That said, when a moment that you invented in pre-production, implemented in production, and tailored in post-production actually works in a screening, it’s an amazing feeling.’

How did you find your cast and crew for this film?

Smith: As Sherwin and the Scout began as a class project, every crew member was a student of Boston University, which added a really fantastic energy to the set!

Flores: We found the actors through a combination of recommendations and open casting. Patrick Fahey, Jordan Cassel, and Alex Shih all showed up for a casting call (through Boston University Casting) and blew us away. We reached out to Christian Goodwin after being impressed by his performance in Megan Lovallo’s Off To The Races and we brought on Ben Manoli after a recommendation by a friend.

What are you working on now?

Smith: Last month, I travelled to Beijing as part of the “Looking China” program to make a short documentary on love in China. I’m currently in post-production on this film, entitled Liu Lu Love, which I hope will show the intricacies on a topic we often see as universal.

In addition, I’m about to edit the feature-length version of The Boston Globe’s 5 Runners, a documentary on the 2013 Boston Marathon. I was the associate producer and additional camera on the 30-minute version we aired on NESN in April 2014.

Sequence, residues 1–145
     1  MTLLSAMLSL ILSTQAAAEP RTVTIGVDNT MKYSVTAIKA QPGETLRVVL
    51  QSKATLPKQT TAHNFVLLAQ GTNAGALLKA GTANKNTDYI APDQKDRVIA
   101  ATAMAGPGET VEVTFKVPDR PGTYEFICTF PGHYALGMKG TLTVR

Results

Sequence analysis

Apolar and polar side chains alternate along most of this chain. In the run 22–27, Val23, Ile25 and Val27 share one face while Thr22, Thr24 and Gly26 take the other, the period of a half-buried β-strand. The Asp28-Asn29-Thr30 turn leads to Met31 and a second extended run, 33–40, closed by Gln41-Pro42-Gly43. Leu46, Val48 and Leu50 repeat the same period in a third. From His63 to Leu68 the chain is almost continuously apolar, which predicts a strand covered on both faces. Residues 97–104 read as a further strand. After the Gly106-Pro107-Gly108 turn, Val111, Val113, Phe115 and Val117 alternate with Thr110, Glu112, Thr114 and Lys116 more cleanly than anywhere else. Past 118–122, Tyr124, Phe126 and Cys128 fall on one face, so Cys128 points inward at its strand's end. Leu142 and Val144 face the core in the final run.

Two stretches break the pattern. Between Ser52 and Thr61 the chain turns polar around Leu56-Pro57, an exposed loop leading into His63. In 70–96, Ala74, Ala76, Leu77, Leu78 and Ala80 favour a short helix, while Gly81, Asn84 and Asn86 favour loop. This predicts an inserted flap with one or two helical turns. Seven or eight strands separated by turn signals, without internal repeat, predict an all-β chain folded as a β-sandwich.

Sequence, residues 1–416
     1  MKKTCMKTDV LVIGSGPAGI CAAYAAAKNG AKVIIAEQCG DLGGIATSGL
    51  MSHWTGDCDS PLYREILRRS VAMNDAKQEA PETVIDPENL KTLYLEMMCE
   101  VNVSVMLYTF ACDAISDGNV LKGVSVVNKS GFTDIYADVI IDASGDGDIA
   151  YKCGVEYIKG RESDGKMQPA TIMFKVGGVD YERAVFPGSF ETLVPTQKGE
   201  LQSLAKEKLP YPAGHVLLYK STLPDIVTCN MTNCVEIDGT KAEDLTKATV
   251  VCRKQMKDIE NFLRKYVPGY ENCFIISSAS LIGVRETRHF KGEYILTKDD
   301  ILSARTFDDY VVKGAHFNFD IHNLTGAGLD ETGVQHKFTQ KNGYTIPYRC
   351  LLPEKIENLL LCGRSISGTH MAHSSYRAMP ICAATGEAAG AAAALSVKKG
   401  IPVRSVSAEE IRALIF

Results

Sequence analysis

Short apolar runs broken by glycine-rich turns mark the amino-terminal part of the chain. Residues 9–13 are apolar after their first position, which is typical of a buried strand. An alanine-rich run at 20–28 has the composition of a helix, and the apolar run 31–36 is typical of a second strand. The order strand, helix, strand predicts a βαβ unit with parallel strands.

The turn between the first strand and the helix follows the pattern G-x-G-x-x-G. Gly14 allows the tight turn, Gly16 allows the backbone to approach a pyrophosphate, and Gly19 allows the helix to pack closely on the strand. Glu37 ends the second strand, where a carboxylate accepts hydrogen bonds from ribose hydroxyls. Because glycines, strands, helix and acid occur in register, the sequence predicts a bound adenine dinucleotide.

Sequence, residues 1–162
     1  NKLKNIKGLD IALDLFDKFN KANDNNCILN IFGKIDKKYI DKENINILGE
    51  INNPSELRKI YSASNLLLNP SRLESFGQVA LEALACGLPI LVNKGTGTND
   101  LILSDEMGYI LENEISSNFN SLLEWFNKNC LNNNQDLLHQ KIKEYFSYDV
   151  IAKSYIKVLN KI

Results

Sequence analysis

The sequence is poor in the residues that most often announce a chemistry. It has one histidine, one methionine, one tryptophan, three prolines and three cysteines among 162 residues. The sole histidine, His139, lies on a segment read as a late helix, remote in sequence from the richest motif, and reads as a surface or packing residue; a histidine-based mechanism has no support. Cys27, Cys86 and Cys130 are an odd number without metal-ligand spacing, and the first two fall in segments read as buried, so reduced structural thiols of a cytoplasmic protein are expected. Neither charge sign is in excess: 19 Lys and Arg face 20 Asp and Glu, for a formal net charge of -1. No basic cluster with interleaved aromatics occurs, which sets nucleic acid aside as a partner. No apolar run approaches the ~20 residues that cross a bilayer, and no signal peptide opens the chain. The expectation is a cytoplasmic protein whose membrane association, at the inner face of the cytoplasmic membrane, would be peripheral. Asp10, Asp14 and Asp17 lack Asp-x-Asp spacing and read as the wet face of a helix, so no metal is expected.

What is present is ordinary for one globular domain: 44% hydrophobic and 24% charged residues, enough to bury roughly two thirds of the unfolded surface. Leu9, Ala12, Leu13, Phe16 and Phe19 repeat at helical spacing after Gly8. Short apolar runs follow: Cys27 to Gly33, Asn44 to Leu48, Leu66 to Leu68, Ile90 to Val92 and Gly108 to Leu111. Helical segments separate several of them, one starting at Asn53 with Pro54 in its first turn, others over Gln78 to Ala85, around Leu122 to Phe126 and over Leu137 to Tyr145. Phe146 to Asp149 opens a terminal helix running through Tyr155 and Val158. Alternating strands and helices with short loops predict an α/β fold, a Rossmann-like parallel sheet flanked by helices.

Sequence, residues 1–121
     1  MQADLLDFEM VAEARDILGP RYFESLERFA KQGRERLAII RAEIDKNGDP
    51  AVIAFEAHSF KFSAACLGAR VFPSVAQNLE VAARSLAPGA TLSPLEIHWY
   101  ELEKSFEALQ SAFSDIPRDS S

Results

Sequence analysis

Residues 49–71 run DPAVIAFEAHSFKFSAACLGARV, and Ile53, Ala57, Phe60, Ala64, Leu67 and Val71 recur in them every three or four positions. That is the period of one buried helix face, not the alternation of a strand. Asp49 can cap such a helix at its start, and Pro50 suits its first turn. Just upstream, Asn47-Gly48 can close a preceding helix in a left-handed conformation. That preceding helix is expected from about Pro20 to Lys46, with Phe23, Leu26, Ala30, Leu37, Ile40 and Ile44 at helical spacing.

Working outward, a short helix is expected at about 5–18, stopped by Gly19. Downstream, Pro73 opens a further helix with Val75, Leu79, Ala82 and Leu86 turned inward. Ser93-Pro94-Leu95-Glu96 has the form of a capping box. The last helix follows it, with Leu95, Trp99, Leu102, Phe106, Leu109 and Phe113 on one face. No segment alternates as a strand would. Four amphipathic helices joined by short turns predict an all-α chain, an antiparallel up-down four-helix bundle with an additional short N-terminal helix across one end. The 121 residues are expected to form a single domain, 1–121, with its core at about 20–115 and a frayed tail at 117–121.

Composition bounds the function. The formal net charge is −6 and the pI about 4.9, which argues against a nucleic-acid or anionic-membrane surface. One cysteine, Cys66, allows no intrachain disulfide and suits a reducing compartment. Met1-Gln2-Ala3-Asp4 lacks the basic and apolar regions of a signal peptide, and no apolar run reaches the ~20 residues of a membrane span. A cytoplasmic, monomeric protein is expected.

Flores: I was fortunate go to Beijing through the “Looking China” program (co-sponsored by Boston University) and made a short documentary on ice hockey called Rink Rats Beijing that is currently in post-production. I’m looking for a home for the film when it’s done and I’m hoping it will lead to more opportunities to make short docs and sports pieces.

A few friends and I made a short sci-fi comedy for the 48 Hour Film Festival in NYC called Plutoed that we’re prepping for the festival circuit. It won “Best Directing” at the screening and we want to share it. Before that, I made a short drama film about an office grunt called A Working Man that I also want to submit to festivals.

Any advice on making films you want to share?

Flores: Never force the script. If something doesn’t work in the script, it will rarely work in the final edit. Furthermore, don’t be afraid to cut things out or re-imagine them when piecing together the final cut.

Don’t get too discouraged in the process. It may not feel as if you’re getting a lot of work done each day but keep chipping. Casting, locations, crew, costumes, and everything else all has a way of working out in the end, even if it’s not what you originally planned.

Lastly, remember that filming is simply picking up things that are actually happening on camera.

Smith: While it took me a while to embrace, you should really write what you know. It often feels silly to be ordinary, but the truth in your experiences is what will resonate with others because they are ordinary too. You have to trust in that reality.

See www.lucienflores.com and www.michelasmith.com for more information on the filmmakers. Watch Sherwin and the Scout here: http://www.newenglandfilm.com/festival/2014/sherwinandthescout


See www.lucienflores.com and www.michelasmith.com for more information on the filmmakers. Watch Sherwin and the Scout here: http://www.newenglandfilm.com/festival/2014/sherwinandthescout